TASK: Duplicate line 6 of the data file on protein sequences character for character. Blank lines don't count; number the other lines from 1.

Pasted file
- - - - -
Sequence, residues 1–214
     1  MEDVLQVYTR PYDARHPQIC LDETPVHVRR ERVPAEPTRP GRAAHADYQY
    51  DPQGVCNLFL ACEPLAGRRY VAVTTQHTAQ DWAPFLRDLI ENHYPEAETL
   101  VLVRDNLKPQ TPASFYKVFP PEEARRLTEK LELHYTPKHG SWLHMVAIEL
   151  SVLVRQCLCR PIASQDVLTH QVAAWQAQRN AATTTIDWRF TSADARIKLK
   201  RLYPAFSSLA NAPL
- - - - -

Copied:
   201  RLYPAFSSLA NAPL